Whilst Lucy acknowledges that some wellbeing initiatives do have an impact and are useful to people (such as Employee Assistance Programmes, or financial support such as debt counselling), to get to the wellbeing that matters, businesses & HR need to consider a holistic approach to what works for their team.


Why wellbeing initiatives don’t stick

Ruth Wragg-Jones explained that clients often ask why their wellbeing practices aren’t sticking. Ruth advises that you have to really understand your organisation – you can’t simply just ‘bolt-on’ an activity and hope it’ll work.

Consider what your management style is like, or what your hierarchy is like within your SME – do people feel they need to ask permission to join in? Do people even have time, or capacity for any initiatives, or is this just adding to the problem and causing stress?


How SMEs can reduce sickness levels with wellbeing that works

Lucy believes that what really creates health & wellbeing is being trusted to be autonomous, to do your job well and to have the flexibility that matters to you as an employee.

The model she advises that creates authentic wellbeing that works, is for employers to:

  1. Show trust and flexibility
  2. Show care
  3. Remove the hassle

Sounds simple, doesn’t it? But also a bit daunting if you’ve not encountered this type of HR before – we understand. The good news is, getting to the core of what your people need & value at work doesn’t have to break the bank – and might be easier than you think to implement.

In this section, we’ll take a closer look at each of these areas, with real-world examples of companies who have displayed the behaviours that make a difference.


1. Trust and flexibility

“We know that when you [as an employee] are in an environment where you believe you are trusted - trusted to know what’s right for you, trusted to use your judgement, trusted to work in ways that play to your strengths, that fit in with your lifestyle or home commitments, maybe your hobbies...

when you feel that level of trust & the flexibility to feel more autonomous – you’re much less likely to feel high levels of burnout, you are much more likely to feel less stress, to be more productive, to feel happier in your workplace.”

Lucy Adams, Boosting workplace wellbeing webinar.

This is the deeper, crucial cultural foundation of the wellbeing puzzle – without this, Lucy says that a sticking plaster of wellbeing initiatives that aren’t really valued by your team just aren’t going to work (and your sickness levels are likely to be high).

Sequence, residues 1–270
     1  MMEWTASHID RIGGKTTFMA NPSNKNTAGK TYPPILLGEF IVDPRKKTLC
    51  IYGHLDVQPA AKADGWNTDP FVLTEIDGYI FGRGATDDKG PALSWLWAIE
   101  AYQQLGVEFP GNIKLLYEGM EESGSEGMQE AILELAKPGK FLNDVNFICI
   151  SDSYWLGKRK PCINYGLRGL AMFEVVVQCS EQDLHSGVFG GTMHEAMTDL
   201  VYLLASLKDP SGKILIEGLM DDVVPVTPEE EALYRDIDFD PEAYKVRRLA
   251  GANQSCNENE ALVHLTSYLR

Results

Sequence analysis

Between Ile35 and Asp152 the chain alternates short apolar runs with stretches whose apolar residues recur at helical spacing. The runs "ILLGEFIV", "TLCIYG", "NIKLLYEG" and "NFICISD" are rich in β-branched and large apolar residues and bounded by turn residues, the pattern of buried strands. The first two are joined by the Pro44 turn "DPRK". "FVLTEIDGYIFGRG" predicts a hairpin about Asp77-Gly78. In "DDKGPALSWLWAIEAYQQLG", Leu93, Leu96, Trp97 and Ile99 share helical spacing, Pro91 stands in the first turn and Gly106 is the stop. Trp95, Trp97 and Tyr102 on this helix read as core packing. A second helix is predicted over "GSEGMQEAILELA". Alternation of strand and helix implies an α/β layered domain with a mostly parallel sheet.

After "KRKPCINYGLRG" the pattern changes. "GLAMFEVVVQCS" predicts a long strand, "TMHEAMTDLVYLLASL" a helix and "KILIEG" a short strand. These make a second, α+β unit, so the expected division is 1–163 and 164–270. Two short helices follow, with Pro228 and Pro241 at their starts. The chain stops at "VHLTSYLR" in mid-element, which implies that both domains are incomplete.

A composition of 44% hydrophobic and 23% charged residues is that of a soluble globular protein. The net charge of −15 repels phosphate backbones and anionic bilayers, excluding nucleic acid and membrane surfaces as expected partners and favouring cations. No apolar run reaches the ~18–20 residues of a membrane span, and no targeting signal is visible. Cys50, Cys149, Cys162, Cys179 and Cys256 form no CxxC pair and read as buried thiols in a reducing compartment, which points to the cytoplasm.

Examples of businesses showing trust & flexibility:

  • Removal of probation periods

SMART energy, Virgin Atlantic & PWC are all companies that no longer offer probation periods. Lucy advises that a ‘probation’ period in itself sounds like criminal language in a sense. If the businesses have trusted someone enough to hire them, pay them, allow them to interact with customers etc. then there shouldn’t be a need for a trial period in this way.

Virgin discovered that on average, just 2 people a year out of 10,000 staff failed their probation period - so removed it.

  • Paid time off to exercise

Patagonia offer their team paid time off for exercise and movement – and trust them to manage this within their work time. Supporting wellbeing in this way means that employees have valuable time for their physical & mental health, with the full support and trust of the company behind them.

  • Golden time

Rather than asking permission to make a doctor’s appointment or pick the kids up – at Harry’s, employees are trusted to behave decently by putting ‘golden time’ in their calendar. Lucy also references Slack’s use of the ‘do not disturb’ feature, allowing employees to have a break from notifications to achieve headspace, if they need it.

  • Individual approaches to flexible working

At HubSpot – it’s acknowledged that employees have different needs, and work better in different environments. Lucy states that treating everyone with the same rule with regards to hybrid working (e.g. 3 days a week in the office for all) is old-fashioned, doesn’t offer true flexibility & removes personal choice.

Of course, working arrangements need to be discussed with managers & work within teams, but Lucy is keen for HR to move away from the role of compliance manager, and to encourage managers to have these conversations with their teams.


2. Showing care

Showing care for your people can often be overlooked – especially when managers are overwhelmed or overloaded, Ruth Wragg-Jones, OD Manager at Fitzgerald HR points out.